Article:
No nation on this planet has never been subjected to the ethnic stereotype, but the American Indians have been subjected to the suffering from it, and they may even be suffering more than the other people. Stereotypes and myths can bring harm to both the victims and the people who perpetuate them in society at large. The victims suffer from emotional distress, insecurity, anger, frustration, and also a feeling of hopelessness in them. Many of the American Indians children, who are exposed to the mainstream of the stereotype at an early age, always have low self-esteem which leads to the other problems that the American Indians are facing. Stereotype leads to discrimination when it’s assumed that he/ she is prone to violence and also alcoholism limits job vacancy. These make them be viewed as unstable economically hence making it difficult for them to succeed and enjoy the benefits like the non-Indians, e.g., obtaining credits, etc.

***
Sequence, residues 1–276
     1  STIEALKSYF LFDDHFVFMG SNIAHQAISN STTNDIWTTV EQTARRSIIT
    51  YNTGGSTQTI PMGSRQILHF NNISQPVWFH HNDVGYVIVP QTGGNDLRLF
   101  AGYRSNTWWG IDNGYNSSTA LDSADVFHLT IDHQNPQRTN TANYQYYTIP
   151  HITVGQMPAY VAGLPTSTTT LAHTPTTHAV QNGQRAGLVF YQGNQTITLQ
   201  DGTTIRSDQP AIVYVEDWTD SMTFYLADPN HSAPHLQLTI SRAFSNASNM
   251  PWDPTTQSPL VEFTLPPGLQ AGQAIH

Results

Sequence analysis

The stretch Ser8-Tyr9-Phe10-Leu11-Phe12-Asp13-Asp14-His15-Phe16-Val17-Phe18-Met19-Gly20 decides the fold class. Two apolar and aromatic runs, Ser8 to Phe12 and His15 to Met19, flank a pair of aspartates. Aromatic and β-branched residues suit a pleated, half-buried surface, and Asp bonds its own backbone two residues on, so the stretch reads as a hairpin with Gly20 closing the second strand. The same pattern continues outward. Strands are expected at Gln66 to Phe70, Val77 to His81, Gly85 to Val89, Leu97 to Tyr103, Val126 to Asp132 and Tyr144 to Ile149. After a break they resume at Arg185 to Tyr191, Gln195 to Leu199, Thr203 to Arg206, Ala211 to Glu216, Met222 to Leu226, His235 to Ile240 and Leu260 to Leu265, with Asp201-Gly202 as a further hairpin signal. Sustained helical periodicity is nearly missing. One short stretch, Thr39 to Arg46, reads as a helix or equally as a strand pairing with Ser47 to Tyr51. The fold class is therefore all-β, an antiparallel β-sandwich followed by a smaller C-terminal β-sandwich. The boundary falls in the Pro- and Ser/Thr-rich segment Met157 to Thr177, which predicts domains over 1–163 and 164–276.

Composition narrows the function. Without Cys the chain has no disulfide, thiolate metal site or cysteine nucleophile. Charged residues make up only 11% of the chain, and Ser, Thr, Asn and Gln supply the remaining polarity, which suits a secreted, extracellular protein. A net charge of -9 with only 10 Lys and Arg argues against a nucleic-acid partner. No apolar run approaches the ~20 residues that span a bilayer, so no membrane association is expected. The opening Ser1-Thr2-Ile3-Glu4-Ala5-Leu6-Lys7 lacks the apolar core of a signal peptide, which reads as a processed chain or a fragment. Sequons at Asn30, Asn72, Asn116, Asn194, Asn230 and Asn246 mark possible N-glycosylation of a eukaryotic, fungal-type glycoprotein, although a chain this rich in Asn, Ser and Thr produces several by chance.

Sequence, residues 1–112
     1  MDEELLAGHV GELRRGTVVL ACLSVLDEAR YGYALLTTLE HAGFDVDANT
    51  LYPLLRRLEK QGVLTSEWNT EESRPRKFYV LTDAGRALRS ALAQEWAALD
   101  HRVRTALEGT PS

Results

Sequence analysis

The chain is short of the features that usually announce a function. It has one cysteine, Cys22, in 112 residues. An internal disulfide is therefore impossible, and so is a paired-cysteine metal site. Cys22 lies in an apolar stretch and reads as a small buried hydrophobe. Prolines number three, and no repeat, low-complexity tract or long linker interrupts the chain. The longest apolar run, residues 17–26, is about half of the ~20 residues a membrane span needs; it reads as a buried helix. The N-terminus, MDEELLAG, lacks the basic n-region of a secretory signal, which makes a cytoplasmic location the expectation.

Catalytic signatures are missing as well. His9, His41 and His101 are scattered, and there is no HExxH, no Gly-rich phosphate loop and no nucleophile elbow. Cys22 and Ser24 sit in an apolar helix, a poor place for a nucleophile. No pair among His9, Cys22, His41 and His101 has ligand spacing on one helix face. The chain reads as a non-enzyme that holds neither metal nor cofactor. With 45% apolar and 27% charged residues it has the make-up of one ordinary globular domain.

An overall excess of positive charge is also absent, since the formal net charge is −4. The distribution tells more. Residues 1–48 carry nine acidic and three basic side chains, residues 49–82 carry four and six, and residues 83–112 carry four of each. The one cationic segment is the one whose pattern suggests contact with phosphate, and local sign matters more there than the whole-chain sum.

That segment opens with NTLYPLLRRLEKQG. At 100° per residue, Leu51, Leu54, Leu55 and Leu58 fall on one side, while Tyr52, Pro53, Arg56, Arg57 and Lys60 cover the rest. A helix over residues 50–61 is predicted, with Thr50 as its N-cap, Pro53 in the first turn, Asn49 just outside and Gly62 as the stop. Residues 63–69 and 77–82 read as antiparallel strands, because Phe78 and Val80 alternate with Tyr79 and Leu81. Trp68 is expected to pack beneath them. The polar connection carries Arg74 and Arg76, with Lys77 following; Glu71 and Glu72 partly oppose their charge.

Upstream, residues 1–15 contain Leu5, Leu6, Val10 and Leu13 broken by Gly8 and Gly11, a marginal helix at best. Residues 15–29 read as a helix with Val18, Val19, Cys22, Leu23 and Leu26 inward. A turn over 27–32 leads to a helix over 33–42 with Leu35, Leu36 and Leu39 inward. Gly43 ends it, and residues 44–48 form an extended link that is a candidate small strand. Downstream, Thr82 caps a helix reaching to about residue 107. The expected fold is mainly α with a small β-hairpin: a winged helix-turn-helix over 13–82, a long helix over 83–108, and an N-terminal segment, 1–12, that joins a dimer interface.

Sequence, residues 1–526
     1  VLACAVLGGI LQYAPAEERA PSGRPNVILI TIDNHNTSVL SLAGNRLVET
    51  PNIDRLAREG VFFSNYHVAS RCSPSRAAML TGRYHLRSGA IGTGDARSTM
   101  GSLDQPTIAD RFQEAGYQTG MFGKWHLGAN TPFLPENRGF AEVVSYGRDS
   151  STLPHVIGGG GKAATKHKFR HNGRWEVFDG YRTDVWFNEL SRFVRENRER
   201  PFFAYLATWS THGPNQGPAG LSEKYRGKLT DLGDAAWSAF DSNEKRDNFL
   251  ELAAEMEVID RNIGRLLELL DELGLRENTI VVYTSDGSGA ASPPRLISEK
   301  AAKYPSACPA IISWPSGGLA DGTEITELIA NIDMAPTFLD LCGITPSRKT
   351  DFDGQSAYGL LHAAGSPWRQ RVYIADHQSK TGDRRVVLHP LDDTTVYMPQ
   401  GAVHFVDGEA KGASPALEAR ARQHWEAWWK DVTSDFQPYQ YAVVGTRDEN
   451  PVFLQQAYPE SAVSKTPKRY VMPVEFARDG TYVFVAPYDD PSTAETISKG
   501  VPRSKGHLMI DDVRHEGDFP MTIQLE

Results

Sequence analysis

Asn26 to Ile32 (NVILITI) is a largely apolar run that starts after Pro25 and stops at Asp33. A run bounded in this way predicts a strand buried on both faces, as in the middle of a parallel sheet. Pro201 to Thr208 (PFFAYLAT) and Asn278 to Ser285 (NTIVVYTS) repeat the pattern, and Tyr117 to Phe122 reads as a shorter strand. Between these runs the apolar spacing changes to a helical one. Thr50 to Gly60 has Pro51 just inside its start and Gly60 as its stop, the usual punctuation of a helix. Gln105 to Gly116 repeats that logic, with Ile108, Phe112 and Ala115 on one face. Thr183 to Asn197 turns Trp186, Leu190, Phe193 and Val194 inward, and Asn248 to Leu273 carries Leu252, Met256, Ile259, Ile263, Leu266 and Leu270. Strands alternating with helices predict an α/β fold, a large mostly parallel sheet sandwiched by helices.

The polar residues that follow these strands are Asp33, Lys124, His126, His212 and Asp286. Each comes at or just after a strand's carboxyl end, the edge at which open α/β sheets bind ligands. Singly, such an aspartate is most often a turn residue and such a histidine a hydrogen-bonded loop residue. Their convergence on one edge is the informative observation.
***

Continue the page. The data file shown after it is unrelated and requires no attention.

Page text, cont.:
Dispelling the myths and stereotypes in society has a greater benefit both to the community and to the specific individuals. Some of the benefits include: it is essential in strengthening the collaboration in the working relationships with the indigenous community. Dispelling the myth also reflects on the way privileges, and stereotypes create impacts the relationships and work. Lastly, dispelling the stereotype and myths will help in instilling anti-oppressive, decolonizing methods and ideologies in our lives and the workplaces.
In life, there are many stereotypes, and I was once a victim. I was climbing a mango tree in our compound when I slipped and fell off. I lost consciousness and when I opened my eyes, I found myself in the hospital my legs wholly bandaged. Everyone deserted me apart from my mother who sat there weeping all through since the doctor told her that there are high chances I will be a cripple. I was lonely and no one to talk to apart from my mother. From that moment, I realized that stereotypes and myths are a greater challenge to society.